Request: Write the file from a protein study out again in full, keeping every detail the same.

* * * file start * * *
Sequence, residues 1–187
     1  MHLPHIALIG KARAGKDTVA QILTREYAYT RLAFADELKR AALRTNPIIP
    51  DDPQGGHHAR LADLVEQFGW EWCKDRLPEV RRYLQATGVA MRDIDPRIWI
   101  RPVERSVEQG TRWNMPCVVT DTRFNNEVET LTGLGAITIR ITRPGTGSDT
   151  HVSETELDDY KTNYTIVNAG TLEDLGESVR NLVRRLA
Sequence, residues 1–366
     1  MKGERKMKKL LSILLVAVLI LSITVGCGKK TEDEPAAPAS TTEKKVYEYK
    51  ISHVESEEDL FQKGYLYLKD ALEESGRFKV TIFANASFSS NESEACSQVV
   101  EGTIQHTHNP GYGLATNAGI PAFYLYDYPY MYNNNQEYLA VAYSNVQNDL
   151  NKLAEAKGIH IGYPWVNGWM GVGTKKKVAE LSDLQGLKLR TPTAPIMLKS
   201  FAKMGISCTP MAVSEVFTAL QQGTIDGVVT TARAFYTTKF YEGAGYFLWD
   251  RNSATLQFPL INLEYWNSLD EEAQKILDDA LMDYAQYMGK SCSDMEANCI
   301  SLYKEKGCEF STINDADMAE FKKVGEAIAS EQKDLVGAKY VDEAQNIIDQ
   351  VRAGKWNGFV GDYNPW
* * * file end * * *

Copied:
Sequence, residues 1–187
     1  MHLPHIALIG KARAGKDTVA QILTREYAYT RLAFADELKR AALRTNPIIP
    51  DDPQGGHHAR LADLVEQFGW EWCKDRLPEV RRYLQATGVA MRDIDPRIWI
   101  RPVERSVEQG TRWNMPCVVT DTRFNNEVET LTGLGAITIR ITRPGTGSDT
   151  HVSETELDDY KTNYTIVNAG TLEDLGESVR NLVRRLA
Sequence, residues 1–366
     1  MKGERKMKKL LSILLVAVLI LSITVGCGKK TEDEPAAPAS TTEKKVYEYK
    51  ISHVESEEDL FQKGYLYLKD ALEESGRFKV TIFANASFSS NESEACSQVV
   101  EGTIQHTHNP GYGLATNAGI PAFYLYDYPY MYNNNQEYLA VAYSNVQNDL
   151  NKLAEAKGIH IGYPWVNGWM GVGTKKKVAE LSDLQGLKLR TPTAPIMLKS
   201  FAKMGISCTP MAVSEVFTAL QQGTIDGVVT TARAFYTTKF YEGAGYFLWD
   251  RNSATLQFPL INLEYWNSLD EEAQKILDDA LMDYAQYMGK SCSDMEANCI
   301  SLYKEKGCEF STINDADMAE FKKVGEAIAS EQKDLVGAKY VDEAQNIIDQ
   351  VRAGKWNGFV GDYNPW